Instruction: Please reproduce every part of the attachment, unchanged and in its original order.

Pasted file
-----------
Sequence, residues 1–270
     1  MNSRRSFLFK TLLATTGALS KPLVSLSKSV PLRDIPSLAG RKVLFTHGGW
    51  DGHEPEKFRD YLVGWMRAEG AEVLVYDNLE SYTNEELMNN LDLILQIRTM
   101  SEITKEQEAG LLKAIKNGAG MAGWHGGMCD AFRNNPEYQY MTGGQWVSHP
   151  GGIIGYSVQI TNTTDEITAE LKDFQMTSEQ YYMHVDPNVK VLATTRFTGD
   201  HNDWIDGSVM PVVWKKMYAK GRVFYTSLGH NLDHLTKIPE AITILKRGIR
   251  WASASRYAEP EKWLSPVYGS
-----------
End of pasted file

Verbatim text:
Sequence, residues 1–270
     1  MNSRRSFLFK TLLATTGALS KPLVSLSKSV PLRDIPSLAG RKVLFTHGGW
    51  DGHEPEKFRD YLVGWMRAEG AEVLVYDNLE SYTNEELMNN LDLILQIRTM
   101  SEITKEQEAG LLKAIKNGAG MAGWHGGMCD AFRNNPEYQY MTGGQWVSHP
   151  GGIIGYSVQI TNTTDEITAE LKDFQMTSEQ YYMHVDPNVK VLATTRFTGD
   201  HNDWIDGSVM PVVWKKMYAK GRVFYTSLGH NLDHLTKIPE AITILKRGIR
   251  WASASRYAEP EKWLSPVYGS